The Last King of Scotland – Review
February 18, 2007
At its best, it informs us somewhat of the feel (and often the facts) of a historical period as a background theme, while the fictional heroes act out a story line in the foreground – usually to entertain, or at least to provide a morality play.
At its worst, historical fiction trots out historical figures and facts as foreground characters, and skews their reality (for better or worse) in order for them to become the story.
The Last King of Scotland, a movie “loosely based” on a book of the same name that was itself “loosely based” on the facts of Idi Amin’s regime in 1970’s Uganda, falls somewhere in between these two poles.
The film offers up James MacAvoy as a fictional “Dr. Nicholas Garrigan”, a young, naively recent medical school graduate, off to Uganda to find adventure and escape his father’s medical practice as the anti-hero lens through which we view Amin’s Uganda.
Garrigan is practicing in a missionary-run bush surgery in a small local village when he has a chance meeting with the newly installed dictator, tending a minor injury after a car accident. Amin takes a shine to the young doctor and entices him to move to the capital, where he becomes Amin’s personal physician.
Through a slow progression, we see Garrigan first taken with Amin’s substantial charisma and charm, then gradually enter into a deeper relationship, becoming in Amin’s words, “my closest advisor”.
As Garrigan role grows to encompass issues far afield from being the President’s doctor, and he begins to relish his special status in the country, he has to try to ignore the signs of incipient madness in Amin, the brutal repressions that are going on in the country, and ultimately, the danger that even he faces from Amin.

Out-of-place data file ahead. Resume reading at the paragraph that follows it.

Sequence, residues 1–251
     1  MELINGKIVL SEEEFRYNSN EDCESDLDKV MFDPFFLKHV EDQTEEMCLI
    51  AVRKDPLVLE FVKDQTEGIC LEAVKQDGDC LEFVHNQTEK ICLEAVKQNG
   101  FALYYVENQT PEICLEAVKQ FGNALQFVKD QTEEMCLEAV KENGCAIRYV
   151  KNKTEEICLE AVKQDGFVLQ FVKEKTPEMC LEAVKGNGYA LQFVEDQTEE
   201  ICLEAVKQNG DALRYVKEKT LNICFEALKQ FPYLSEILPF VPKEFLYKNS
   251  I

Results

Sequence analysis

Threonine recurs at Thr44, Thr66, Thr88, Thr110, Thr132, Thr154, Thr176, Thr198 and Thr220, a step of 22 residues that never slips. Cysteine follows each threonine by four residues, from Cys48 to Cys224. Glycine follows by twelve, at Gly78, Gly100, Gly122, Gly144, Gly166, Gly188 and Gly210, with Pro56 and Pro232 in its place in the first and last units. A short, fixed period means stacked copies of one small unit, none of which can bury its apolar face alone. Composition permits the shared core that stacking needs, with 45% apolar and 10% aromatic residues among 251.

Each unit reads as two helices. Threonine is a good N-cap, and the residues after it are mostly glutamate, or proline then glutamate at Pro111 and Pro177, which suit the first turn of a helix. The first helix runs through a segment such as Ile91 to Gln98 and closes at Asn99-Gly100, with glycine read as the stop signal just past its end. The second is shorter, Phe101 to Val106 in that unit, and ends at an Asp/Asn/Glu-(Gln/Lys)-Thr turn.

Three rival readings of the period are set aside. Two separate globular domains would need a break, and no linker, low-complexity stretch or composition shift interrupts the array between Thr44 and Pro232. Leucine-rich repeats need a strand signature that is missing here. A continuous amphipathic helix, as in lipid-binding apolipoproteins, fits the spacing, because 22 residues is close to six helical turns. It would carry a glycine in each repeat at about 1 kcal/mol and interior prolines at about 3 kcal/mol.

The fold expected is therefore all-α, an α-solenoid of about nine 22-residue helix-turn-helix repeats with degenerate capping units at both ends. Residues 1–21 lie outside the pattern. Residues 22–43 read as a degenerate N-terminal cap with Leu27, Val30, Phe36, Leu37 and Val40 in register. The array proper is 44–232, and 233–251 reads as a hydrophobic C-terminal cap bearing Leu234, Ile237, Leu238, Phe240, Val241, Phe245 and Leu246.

The film is cinematically beautiful — the early scenes in Africa full of light, color and music, gradually turning dark, somber and ominous.
Likewise, the story itself is engaging, and begs us to ask — along with Garrigan — “at what point too much is too much?” when must he stop pretending that what is happening doesn’t concern him? and later when must he start being more concerned with saving himself than with saving others?
Like so many things, all of the true facts of Amin’s regime will probably never be fully agreed upon; there is somewhat credible evidence that some of the more notorious things he was accused of were part of political spin by the British and US governments, after Amin ran headlong off the rails of British colonial control. On the other hand, there is some fairly credible evidence that his body count (given as 300,000 at the end of the movie) may have been substantially larger than anyone ever realized.
The film plays rather fast and loose with more than a few of the facts and timelines that can be established, which is largely excusable in that it is a piece of historical fiction, and not a documentary.
As a film then, and as a morality play, the Last King of Scotland is excellent, and even bordering on brilliant at times.
Forest Whitaker turns in a chillingly creepy performance as Amin — one second captivating and charming, clowning for the media or his friends, another paranoid and afraid for his own life and regime, and the next, cold blooded and murderous.
Whitaker deserves the awards and nominations he’s garnered for this role; after this and his turn in season 5 of The Shield, there’s little doubt that he’s got a rare talent for portraying seriously psychopathic characters.
Be forewarned that this is not a movie for the family, or the faint-of-heart; the violence becomes substantially graphic (as it should) as the story progresses, and as Amin’s actions turn more deadly and bizarre.
In the end, the only somewhat unfortunate thing about this film is the title — while it’s quite brilliant and justified — Amin’s full self-proclaimed title included “King of Scotland” (among many other claims), and it does capture his fascination with, desire to be accepted by, and ultimately his resentment of the British government, I’ve got to believe that it has probably confused as many potential viewers as it has charmed.
Forget the title, don’t count on this to educate you on 20th century sub-Saharan African history, but do take the time to watch this movie; it’s a treat.
Just don’t do it on a full stomach, or before the kids go to bed.